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Fortified Waters: Consider Them All Wet

July 15, 2002|SALLY SQUIRES | WASHINGTON POST

These days bottled water isn't just simple H2O. Store shelves and vending machines are filling with so-called fitness waters, which may come packed with vitamins, minerals and herbal extracts. Others contain soluble fiber, fruit essence, caffeine or, thanks to modern science, an extra dose of oxygen.

What effect does all this have on our efforts to drink a healthy amount of water--usually five to eight glasses a day? Not an ounce.

"I know of no research that shows potential value of fitness waters over regular water," says Douglas Casa, director of athletic training education at the University of Connecticut's Human Performance Laboratory in Storrs.

And fitness waters can take a big gulp out of your budget. A 16-ounce bottle of Aquesse, for example, provides about 5 grams of soluble fiber--roughly what you'd get in two servings of oatmeal. But at $1.85, it costs at least three times more per serving.

Better to get most of your daily fluids the old-fashioned way: by drinking plain water, experts say. And don't forget water-rich foods: Soups (hot or cold), veggies and fruit (especially watermelon, grapes, oranges, plums and grapefruit) also count and can help replace fluids lost during the sweltering days of summer. Water-rich foods are also valuable because they provide fiber as well as vitamins and minerals. Pennsylvania State University researcher Barbara Rolls and her colleagues have shown that these foods help quench thirst and make you feel full--a winning combination.

How much fluid is enough? That's a question that vexes consumers and scientists. In fact, the National Academy of Sciences has convened an expert panel to review water recommendations. The group expects to report in the spring.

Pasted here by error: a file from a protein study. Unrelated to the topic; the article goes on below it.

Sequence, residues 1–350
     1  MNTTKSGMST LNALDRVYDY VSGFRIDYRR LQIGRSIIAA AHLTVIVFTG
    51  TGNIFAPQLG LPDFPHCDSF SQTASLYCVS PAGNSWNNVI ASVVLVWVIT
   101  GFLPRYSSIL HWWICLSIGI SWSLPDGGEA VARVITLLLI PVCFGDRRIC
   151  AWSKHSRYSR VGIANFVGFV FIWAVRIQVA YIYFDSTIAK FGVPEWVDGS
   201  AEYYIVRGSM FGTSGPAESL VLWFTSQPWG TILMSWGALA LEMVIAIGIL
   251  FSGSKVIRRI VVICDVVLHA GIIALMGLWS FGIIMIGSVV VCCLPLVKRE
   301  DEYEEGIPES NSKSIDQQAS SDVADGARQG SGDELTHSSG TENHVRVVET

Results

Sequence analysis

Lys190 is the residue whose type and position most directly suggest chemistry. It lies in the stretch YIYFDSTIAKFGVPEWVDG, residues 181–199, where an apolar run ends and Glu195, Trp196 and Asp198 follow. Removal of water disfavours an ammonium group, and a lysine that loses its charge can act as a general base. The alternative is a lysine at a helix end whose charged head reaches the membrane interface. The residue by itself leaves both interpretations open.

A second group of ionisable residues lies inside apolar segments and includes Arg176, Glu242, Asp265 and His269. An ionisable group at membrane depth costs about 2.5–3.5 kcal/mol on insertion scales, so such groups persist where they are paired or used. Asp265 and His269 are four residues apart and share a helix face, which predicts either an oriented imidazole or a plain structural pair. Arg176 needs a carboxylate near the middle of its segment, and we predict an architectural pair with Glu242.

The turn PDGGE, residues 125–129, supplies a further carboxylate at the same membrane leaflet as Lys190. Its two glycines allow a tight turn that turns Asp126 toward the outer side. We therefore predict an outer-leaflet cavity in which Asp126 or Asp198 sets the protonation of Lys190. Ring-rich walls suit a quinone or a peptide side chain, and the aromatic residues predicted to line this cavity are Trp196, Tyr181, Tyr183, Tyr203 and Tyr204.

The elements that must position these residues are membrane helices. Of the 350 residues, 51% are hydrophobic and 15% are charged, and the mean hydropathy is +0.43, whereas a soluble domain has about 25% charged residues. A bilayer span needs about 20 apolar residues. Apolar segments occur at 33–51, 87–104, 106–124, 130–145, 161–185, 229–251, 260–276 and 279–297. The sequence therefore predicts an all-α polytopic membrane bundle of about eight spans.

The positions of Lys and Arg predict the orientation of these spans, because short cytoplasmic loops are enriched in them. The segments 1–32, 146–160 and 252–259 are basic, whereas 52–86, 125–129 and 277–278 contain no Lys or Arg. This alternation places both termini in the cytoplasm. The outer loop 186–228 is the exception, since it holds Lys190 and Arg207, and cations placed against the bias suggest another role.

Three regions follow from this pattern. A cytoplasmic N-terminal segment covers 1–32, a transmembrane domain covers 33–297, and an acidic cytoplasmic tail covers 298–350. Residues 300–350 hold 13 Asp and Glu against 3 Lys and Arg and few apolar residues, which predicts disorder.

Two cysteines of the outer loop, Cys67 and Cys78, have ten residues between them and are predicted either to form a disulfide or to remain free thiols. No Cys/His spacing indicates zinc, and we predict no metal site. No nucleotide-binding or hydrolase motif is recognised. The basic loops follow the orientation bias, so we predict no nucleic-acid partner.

Lest you get parched waiting for their conclusions, the current advice is to take in 2 to 2.5 liters a day, says Michael Sawka, chief of thermal and mountain medicine at the Army Research Institute of Environmental Medicine in Natick, Mass. That works out to eight to 12 cups.

Before you feel like you're drowning, know that you already get about half that liquid in the foods that you eat, particularly if you consume a healthy, well-balanced diet.

Coffee, tea, milk, juice and soda also count toward the total, but plain old H2O is the fluid of choice for the remaining five to eight glasses. "Water is as good as anything else for most situations," says Sawka.

One exception to the water rule: If you exercise for at least an hour in hot weather, a sports drink may be a good idea, Sawka says. These beverages help improve recovery and can help reestablish your body fluids faster than water alone, he says.

If you do reach for a sports drink, pick one with about 110 milligrams of sodium and a touch of potassium per serving, Sawka says. And try to avoid drinks with added oxygen, carbonation, fructose or other sweeteners. The reason? The oxygen and carbonation can make you feel bloated, which may mean you don't drink as much as you need. And the sweetener? As Sawka says: "It can give you a lot of gastrointestinal distress."

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